What Does An Agency ‘People Director’ Do – And Should You Have One?

by | Oct 14, 2020

We speak to two agencies that have invested in a People Director, and find out what the role brings to the business.

Mizzy Lees, People Director at Mr President, suggests that she doesn’t think headcount matters when deciding to hire a People Director. ‘HR is a very small part of a business that is legally required and that involves dealing with holidays, sickness and absence, but actually a People Director is much broader than that. It represents the entire workforce and ensuring that everyone is best catered for. When I talk about my role, I talk about the balance between business needs and the needs of individuals.’

Mizzy mentions that ‘without a People Director or someone in a role that specifically focuses on people, it can be really difficult for an agency leader or CEO to detach themselves from their goal of growing their business to deal with the people side.’

She also suggests that in her current role she has a relationship with everyone in the company, at only 40 employees this is manageable. Though, if she were to be a part of a bigger organisation she would perhaps have close relationships with line managers and they would take on part of the work for their own staff.’

Rhian Price, People Director at Momentum, suggests that ‘if you work backwards from the reasons why people leave an organisation, having a People Director is having a champion when something goes wrong.’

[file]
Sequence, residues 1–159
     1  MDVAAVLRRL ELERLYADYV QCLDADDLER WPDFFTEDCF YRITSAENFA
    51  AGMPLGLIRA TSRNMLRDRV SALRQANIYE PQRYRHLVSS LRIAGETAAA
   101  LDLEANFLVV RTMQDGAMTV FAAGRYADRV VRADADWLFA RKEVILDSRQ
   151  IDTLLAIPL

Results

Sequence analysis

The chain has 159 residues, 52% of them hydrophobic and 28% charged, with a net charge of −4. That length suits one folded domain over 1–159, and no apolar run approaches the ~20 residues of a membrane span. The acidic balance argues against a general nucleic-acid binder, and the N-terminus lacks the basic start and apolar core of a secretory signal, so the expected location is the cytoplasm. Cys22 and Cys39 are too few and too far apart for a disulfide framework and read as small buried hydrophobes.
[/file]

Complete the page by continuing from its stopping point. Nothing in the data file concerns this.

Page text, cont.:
When asked about how not to get bogged down in the standard HR admin, Rhian suggests that ‘automating as much as possible is the best way to have processes running in the background.’ ‘Investing in a rigorous onboarding process’, she suggests, ‘sets up the entire life cycle for success, meaning I have more time for the people themselves.’

Mizzy mentions that she feels her role has never been so tested as it has during 2020. Ordinarily her role is ‘to bring calm, clarity to those within her organisation’, but this is affected by how the world around you changes. In 2020 she explains, ‘it has been about how to do we respond to COVID-19, to Black Lives Matter, to remote working and to reopening the offices whilst keeping everyone together?’

‘I do often find myself in a position where I am part of the management board which discusses the state of the business as a whole, which puts me in an exclusive group, but I also need to appear approachable and be open to conversation with everyone else at the same time. It does feel like I am isolated within my role, which is challenging personally for me and in trying to balance priorities.’

Oonagh Hook suggests that before COVID-19 she was a Chief of Staff who managed 80-90 employees, but now manages a team of 40. ‘I don’t have a team to bounce things off, I struggle with that. I found a platform called Charlie HR which has been really great for communicating with other HR professionals.’

Rhian suggests that although Momentum rolled out the use of Microsoft teams six months before COVID-19, she still found it incredibly hard to communicate with her team virtually. ‘Usually when you announce something you feel a ripple around the room, people freak out or they laugh, but with everyone being online it is just silence.’ ‘I have tried to work around this by cascading information out to the leadership team first to gauge their reaction and get some kind of feedback.’

Rhian also suggests that challenging a CEO or founder can be incredibly hard ‘when you want to show them the upmost respect for creating a successful business, but values need to be challenged in order to prevent a difficult situation from escalating.’

Whilst discussing emotional issues in the workplace, Rhian suggests that the line between friend and colleague can be difficult to place but it is an invaluable part of the business culture.